Pick the Right Self-Paced Math Curriculum for Your Class

Students enter your classroom every day with different levels of experience and retention. Often, their unique needs are at opposite ends of the spectrum: one student needs you to walk them through 10 examples while another catches on after the first two examples and is ready to run ahead. If you've considered having a few students self pace within your math class we're going to share some tips (and things to avoid) as you choose your self-paced curriculum so it can work successfully for you.

Choose the Right Curriculum:

The importance of this step cannot be overstated. Your ability to manage a student working on his or her own is contingent on how well built-out your math curriculum is. 

Look For:

  • Videos for every lesson that include both notes and examples. Check how easy the videos are to access, navigate, and reference between you and the student. Watch a video or two to ensure the speaker is easy to follow and understand. Even better if there are scaffolded notes that mirror the content in the lessons. That way you can make sure the student watched the video just by seeing the completed note sheet!
  • Multiple practice set options. Self-paced students need multiple options for practice and review. Sometimes they will get it on the first try, and other times not. Look for an assortment of practice problems at varying depths of knowledge to accompany each lesson so you can use your time most effectively. 
  • Answer keys with worked-out solutions. Your self-paced math students will be checking their work as they complete practice problems. You'll save hours of time- and deepen their learning- if they can figure out on their own "why" their solution was incorrect.
  • A pacing guide that is realistic. Look at the pacing guide that comes with your curriculum. Ask yourself if the pace seems reasonable, and if it is easy to follow. Remember, a middle or high school student will be using it.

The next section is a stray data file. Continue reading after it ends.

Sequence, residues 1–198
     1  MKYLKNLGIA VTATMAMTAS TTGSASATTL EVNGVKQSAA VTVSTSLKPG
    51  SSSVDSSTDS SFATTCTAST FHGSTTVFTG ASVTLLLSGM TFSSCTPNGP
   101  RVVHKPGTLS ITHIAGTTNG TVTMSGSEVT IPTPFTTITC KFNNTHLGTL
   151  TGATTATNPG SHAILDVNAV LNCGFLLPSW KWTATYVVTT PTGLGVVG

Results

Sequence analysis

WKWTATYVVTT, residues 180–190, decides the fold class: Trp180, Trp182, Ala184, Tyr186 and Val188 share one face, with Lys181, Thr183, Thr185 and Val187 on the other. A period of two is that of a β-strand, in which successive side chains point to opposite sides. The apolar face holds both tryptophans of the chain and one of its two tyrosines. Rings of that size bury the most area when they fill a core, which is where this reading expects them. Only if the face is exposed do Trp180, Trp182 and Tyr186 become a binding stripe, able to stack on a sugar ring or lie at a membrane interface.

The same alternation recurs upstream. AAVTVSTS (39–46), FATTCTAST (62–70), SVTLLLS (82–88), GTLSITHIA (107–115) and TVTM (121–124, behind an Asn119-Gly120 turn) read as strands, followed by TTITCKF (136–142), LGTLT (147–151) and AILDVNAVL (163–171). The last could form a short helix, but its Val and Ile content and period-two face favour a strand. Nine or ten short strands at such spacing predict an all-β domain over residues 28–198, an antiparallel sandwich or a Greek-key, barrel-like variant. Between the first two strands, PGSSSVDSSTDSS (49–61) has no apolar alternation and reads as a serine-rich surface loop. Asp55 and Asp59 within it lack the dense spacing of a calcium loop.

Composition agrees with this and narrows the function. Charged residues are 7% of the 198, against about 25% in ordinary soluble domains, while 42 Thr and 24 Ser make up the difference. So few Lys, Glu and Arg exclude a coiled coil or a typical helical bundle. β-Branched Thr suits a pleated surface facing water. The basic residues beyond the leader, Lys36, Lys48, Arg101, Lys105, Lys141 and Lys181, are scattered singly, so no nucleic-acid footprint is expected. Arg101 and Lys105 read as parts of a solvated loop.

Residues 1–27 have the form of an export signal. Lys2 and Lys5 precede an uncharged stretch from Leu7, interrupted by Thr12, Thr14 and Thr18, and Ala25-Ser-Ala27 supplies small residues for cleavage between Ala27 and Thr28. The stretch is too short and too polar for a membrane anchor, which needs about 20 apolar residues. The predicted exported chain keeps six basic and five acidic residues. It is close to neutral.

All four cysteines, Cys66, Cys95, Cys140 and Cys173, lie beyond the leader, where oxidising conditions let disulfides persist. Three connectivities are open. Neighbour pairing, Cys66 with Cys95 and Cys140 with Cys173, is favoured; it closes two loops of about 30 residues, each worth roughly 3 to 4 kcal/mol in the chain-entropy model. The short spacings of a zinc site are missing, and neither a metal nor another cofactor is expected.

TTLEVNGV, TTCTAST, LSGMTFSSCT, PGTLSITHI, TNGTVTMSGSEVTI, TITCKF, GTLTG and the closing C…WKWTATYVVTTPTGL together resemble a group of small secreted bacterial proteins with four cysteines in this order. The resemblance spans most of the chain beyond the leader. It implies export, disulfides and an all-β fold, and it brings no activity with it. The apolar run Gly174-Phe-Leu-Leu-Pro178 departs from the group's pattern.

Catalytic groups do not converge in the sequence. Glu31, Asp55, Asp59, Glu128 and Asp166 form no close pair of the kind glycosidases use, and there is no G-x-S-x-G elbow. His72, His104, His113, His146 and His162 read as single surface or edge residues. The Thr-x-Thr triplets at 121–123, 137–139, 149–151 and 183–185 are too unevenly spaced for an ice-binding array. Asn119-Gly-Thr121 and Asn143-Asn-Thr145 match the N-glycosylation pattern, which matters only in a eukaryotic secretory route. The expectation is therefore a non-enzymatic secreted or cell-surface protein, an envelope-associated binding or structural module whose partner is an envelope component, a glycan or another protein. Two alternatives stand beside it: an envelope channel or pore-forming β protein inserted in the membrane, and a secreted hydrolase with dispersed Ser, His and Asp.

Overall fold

Avoid:

  • A curriculum that requires you to record videos. Be realistic about the time you can invest. Recording a few videos according to departmental procedures is one thing, but recording all the videos ahead of time will eat up hours of time you don't have.
  • Anything that requires a lot of discussion and inquiry. Investigation is one amazing way to help students own learning, but these activities require a lot of follow-up dialogue that is not always available for a self-paced learner. A few great options instead are to utilize a program with all the positive we listed above and supplement with resources such as Desmos or Illustrative Math activities. Again, we're not discouraging you from discovery learning. Instead, we're trying to help you manage your finite time in contact with students. Thus, we recommend making sure there is an achievable balance between investigation and direct instruction instead of going full tilt one way or the other.

Self-pacing students IS POSSIBLE with MathLight

Does this feel overwhelming? Yes, it's a lot to decide at the outset but... deep breath... you don't have to create everything from scratch and you don't have to reinvent the wheel. 

Find everything you need to succeed at self-pacing students with MathLight.

MathLight units meet all the content needs above! Plus, our founders use their decades of experience to create content that is easy to  implement in your classroom. See all that is packed into our units (lesson videos, notes pages, differentiated practice sets) by clicking here.

Ready to give MathLight a try? Self-pacing your students is possible with MathLight and you'll be convinced when you try out our Free Curriculum Bundle. Choose your bundle here! Then, when you're ready to commit to more find what you need in our find what you need to make self-pacing work for the long haul in our MathLight Store! 

    Jen Frey

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